Currently, I’m reading through a book on the history of Christianity and the Reformation called The Division of Christendom by Hans J. Hillerbrand. Well, actually, I’ve pretty much finished it, but I’m going back through it since I’ll be submitting a review of it for the SWBTS journal. Near the end of this massive volume, Hillerbrand discusses some of his conclusions and some of his observed consequences of the Reformation. Although these types of reflective moments are few and far between in his retelling of the religious events of the 16th century, he takes time at the end of his “Conclusions” to compare one particular aspect of the 16th century with the 21st century.
According to Hillerbrand, although one result of the Reformation was a regained respect for the common man, both in society and religion, for the most part, the everyday man remained theologically dispassionate. This is not to say that the normal citizen wasn’t engaged in the monumental events of the sixteenth century; instead, the point that Hillerbrand is making is that the common man longed to be a part of a movement, but didn’t want to get involved with the heavy-lifting when it came to the intellect.
In looking at the 21st century, Hillerbrand remarks that not much has changed. As a test case, he reflects upon the Joint Declaration on Justification, which was signed in 1999, marking a theological compromise between the Lutheran World Federation and the Vatican’s Pontifical Council for Prompting Christian Unity. Hillerbrand notes that when this radical statement was made public, it received almost unanimous disapproval from the foremost German theologians and historians. Ultimately, somewhere around 250 of them (approximately 98% of all German Lutheran theologians), agreed to sign a letter stating their rejection of the proposed, unified Lutheran-Catholic position on the doctrine of justification.
From this information, Hillerbrand observes, “In other words, the experts dissented (404).” The Lutheran synods, full of everyday laymen, had no problem in ratifying a historic document that seemingly was full of good intentions inasmuch as it was an attempt at bringing about healing from wounds inflicted in the 16th century between these two groups; however, “the common man” “showed no discernible interest either in the joint declaration or, for that matter, in dissenting theologians (404).” Again, Hillerbrand remarks, “[I]t is surely safe to say that even today most church members, whatever their denomination, have little interest and even less competence in any serious engagement in current theological feuds and disagreements (404).”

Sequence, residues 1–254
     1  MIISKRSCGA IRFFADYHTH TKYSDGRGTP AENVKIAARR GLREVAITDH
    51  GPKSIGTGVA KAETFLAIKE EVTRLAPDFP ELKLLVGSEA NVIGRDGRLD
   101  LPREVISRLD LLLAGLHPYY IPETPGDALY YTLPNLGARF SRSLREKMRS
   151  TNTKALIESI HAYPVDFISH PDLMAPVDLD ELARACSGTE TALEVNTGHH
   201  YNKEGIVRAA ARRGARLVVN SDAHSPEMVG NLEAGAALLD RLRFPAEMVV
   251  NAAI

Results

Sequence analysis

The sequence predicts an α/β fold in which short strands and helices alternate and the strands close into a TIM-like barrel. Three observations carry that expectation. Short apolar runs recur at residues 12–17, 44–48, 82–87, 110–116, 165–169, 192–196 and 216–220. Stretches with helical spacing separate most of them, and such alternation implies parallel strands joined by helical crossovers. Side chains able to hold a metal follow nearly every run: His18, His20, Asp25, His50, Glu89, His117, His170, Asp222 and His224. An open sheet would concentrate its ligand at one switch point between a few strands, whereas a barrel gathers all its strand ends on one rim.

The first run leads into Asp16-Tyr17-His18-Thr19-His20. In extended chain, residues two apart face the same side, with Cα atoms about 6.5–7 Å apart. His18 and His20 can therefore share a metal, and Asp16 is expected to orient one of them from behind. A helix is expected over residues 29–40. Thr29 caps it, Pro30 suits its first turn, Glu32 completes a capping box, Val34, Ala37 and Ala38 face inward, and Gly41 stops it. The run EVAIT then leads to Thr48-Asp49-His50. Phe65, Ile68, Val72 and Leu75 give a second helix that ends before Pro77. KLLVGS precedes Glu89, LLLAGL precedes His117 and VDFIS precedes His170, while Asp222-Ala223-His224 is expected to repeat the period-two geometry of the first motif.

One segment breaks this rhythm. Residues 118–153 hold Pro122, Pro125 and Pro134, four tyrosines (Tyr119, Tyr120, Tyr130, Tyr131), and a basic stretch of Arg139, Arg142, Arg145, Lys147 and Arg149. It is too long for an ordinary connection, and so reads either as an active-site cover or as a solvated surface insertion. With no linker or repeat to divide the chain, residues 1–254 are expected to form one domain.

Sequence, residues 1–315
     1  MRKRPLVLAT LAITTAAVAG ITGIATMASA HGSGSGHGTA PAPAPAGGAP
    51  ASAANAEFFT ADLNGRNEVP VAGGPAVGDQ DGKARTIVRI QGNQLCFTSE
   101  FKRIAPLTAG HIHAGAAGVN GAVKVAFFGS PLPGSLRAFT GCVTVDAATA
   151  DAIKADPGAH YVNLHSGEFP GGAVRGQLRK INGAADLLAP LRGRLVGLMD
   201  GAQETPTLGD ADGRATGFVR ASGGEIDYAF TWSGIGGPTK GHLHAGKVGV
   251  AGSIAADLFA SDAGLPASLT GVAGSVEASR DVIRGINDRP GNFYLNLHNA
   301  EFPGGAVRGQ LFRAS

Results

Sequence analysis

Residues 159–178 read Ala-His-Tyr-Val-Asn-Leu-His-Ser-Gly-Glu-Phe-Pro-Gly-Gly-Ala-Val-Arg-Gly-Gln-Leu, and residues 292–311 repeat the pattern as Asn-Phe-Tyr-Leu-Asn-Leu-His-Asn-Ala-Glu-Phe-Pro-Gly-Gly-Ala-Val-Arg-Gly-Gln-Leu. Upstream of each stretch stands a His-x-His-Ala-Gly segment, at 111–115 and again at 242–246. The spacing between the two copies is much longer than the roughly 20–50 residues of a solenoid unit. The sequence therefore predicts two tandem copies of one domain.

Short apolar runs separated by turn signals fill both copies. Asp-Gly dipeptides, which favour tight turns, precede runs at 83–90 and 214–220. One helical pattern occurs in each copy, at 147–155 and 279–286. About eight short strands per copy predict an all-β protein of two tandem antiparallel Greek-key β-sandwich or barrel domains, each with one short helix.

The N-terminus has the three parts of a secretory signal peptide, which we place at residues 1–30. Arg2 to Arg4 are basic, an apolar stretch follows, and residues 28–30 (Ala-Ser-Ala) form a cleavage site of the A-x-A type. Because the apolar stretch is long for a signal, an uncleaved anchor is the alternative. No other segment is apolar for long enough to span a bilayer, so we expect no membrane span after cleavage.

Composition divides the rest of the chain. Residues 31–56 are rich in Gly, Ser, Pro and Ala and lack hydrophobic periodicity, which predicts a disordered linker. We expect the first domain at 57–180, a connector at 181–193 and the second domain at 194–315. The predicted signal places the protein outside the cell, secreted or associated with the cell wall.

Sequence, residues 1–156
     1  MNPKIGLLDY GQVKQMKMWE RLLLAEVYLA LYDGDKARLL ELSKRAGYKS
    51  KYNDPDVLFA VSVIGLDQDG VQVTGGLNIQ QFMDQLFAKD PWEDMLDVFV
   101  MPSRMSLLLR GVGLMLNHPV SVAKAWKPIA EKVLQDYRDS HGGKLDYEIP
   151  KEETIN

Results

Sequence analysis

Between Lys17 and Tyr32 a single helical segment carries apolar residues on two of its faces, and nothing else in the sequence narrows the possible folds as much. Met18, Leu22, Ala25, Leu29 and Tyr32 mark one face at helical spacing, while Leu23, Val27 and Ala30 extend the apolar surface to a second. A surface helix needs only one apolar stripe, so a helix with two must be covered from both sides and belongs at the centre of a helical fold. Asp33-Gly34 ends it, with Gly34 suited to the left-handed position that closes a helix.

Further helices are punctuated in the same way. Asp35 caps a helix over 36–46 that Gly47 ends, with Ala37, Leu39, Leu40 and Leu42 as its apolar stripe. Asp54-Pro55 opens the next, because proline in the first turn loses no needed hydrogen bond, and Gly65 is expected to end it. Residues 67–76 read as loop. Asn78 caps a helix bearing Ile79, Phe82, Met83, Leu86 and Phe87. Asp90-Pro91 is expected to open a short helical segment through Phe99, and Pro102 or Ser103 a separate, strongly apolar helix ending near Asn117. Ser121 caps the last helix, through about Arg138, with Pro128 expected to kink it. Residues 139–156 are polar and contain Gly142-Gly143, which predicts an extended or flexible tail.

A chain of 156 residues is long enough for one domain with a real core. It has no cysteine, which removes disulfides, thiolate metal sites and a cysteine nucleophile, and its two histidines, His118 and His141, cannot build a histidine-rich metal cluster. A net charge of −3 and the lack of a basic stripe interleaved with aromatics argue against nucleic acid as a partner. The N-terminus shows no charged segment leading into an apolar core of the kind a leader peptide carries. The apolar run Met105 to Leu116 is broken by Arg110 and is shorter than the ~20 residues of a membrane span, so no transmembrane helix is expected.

After reading this passage, I couldn’t help but nod along as I processed his conclusions. I know there is always a danger in giving one big broad generalization, and I’m not delusional to think that no “common man” exists who is theologically-interested and competent. Nevertheless, it appears that the majority of the everyday man is not so inclined. On a popular level, I can think of two recent issues that have arisen which have exposed the state of Christianity today in the world outside of the seminaries and institutions: The DaVinci Code and The Shack.
Here we have two fiction books, each contributing in its own unique way to unveiling the Christian state of mind. For instance, on the one hand, The DaVinci Code, which promoted itself as historical fact, turned the layman’s world upside down as he found himself engulfed in a story which sought to unmask the supposed lies of traditional Christianity by purporting that Jesus wasn’t God, that he married Mary Magdalene, and that the Bible couldn’t be trusted. I remember when the book was selling like hotcakes and the controversy was at its peak, having “the common man” come up to me with a look of utter distraught and desperation in light of the claims that Dan Brown had made, begging for me to give him something to hold on to as he felt like his faith was like oil steadily slipping through the cracks of his fingers.